Just when you think the massive T-Mobile hack can’t get any worse, on Friday the carrier announced that over 50 million people, including current and former customers as well as prepaid customers, were affected by the breach. Information like Social Security numbers, driver’s licenses and account PINs were exposed. Here are some steps you can take right now to protect your financial information.
Regardless whether you’re a T-Mobile user, the exposure of account PINs is a major danger. That’s the password that you’re asked to give to a T-Mobile employee before any changes can be made to your account. A scammer who knows your account password can call customer care and ask to have the SIM card linked to your phone number changed to a new SIM card and device, effectively taking over your phone number. If you’ve moved on from T-Mobile to another carrier and used the same passcode, you should change it immediately.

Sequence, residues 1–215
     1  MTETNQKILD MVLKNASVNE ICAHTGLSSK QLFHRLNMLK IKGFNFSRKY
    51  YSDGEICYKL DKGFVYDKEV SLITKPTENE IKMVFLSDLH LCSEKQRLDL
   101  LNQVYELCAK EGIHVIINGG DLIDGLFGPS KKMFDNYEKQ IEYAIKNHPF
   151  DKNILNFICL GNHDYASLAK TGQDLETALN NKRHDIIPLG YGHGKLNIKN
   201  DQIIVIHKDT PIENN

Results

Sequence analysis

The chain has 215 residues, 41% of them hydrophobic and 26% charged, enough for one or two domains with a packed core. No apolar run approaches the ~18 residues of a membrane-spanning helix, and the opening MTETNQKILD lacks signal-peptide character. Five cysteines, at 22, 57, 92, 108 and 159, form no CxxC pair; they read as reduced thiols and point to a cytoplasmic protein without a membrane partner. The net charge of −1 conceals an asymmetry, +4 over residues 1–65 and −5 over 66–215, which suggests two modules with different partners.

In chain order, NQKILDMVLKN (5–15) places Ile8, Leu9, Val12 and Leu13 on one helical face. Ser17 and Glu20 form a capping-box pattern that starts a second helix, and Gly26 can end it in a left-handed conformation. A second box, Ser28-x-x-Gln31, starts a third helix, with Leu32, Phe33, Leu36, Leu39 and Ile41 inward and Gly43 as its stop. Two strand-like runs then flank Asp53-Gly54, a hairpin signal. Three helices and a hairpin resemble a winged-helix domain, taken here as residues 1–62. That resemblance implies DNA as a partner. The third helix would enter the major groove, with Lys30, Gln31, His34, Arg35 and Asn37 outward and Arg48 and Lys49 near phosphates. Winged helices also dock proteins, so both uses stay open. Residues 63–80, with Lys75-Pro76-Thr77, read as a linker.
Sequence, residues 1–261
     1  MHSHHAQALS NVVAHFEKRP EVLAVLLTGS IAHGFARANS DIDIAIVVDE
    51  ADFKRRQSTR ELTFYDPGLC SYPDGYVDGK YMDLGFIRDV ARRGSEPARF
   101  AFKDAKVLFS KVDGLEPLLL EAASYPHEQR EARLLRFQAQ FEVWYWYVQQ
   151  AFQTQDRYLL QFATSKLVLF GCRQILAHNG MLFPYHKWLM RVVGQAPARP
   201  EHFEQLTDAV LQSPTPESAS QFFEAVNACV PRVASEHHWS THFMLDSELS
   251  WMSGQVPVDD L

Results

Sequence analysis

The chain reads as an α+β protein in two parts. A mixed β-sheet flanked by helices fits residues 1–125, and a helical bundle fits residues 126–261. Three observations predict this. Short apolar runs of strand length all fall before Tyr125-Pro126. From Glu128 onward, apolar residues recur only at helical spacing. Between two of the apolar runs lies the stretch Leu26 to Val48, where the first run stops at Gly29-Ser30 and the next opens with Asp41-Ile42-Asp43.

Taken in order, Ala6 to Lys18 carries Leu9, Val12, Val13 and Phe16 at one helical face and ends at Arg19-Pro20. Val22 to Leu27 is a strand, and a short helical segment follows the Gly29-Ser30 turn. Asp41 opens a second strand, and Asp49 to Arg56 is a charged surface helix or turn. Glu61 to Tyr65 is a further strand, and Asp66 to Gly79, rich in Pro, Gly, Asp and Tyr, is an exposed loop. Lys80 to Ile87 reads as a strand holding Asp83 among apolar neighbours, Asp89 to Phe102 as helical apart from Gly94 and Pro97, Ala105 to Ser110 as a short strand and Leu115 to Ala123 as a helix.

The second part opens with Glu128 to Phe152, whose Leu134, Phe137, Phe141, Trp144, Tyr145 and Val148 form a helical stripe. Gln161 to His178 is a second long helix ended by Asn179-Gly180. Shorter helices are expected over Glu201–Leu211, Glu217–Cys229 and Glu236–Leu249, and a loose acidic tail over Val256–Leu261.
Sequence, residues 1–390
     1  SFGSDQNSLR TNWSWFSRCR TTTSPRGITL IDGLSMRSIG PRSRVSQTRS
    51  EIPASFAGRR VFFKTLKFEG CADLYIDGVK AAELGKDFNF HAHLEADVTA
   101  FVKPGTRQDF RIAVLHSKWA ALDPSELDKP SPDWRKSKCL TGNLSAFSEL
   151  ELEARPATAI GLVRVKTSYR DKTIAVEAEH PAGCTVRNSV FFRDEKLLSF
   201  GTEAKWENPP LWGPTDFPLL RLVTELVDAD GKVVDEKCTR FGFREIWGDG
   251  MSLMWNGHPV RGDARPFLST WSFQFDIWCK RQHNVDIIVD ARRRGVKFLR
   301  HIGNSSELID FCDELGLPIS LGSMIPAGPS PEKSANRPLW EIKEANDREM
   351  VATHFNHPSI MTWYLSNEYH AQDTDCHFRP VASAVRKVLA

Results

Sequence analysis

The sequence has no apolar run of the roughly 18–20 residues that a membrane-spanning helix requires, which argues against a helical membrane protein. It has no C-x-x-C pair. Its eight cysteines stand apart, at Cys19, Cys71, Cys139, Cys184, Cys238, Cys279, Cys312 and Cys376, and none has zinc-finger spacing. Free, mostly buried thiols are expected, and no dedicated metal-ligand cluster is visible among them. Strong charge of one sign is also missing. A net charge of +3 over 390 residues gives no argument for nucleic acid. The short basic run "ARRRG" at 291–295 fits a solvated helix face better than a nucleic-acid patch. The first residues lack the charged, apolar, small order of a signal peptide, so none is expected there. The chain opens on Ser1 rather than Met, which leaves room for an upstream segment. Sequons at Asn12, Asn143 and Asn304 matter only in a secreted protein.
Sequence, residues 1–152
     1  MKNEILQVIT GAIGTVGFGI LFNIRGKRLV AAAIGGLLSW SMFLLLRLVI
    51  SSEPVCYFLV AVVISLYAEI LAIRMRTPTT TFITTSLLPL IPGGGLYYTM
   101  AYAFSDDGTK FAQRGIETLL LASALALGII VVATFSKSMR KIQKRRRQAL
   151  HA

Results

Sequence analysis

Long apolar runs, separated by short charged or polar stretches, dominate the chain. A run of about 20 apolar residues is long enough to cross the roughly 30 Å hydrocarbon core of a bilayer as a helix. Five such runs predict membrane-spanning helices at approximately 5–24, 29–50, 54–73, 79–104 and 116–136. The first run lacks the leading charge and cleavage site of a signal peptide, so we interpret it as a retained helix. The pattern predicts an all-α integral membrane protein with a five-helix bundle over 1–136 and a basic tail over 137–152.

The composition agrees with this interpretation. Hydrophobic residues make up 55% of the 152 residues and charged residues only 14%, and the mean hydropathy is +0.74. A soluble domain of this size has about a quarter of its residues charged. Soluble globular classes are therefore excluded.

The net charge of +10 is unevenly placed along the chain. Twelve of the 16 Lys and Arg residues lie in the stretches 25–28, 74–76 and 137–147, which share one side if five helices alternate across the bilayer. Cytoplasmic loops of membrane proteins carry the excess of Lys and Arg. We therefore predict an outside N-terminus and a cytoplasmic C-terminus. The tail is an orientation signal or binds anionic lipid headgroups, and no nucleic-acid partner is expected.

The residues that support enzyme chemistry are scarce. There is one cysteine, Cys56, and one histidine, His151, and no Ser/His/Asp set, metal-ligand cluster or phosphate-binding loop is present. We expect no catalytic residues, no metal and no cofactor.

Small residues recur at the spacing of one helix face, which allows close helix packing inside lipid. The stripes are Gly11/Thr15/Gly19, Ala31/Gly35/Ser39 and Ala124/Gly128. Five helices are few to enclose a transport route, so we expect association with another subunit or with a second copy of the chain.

Sim swapping is not just an inconvenience. Once someone has taken over your phone number, they can use it to impersonate you or log into your online accounts. They can get instant access to any two-factor authentication codes you receive through text messages, the PIN that an institution texts you to verify your identity.
So if they also have your password or other personal information, they’re just a few clicks away from logging into your email, bank or social media accounts. And if someone gains access to your email account, they can change other passwords and search through your email archive to build a list of your entire online presence. Take the time Read more>>and use app-based codes instead. Seriously…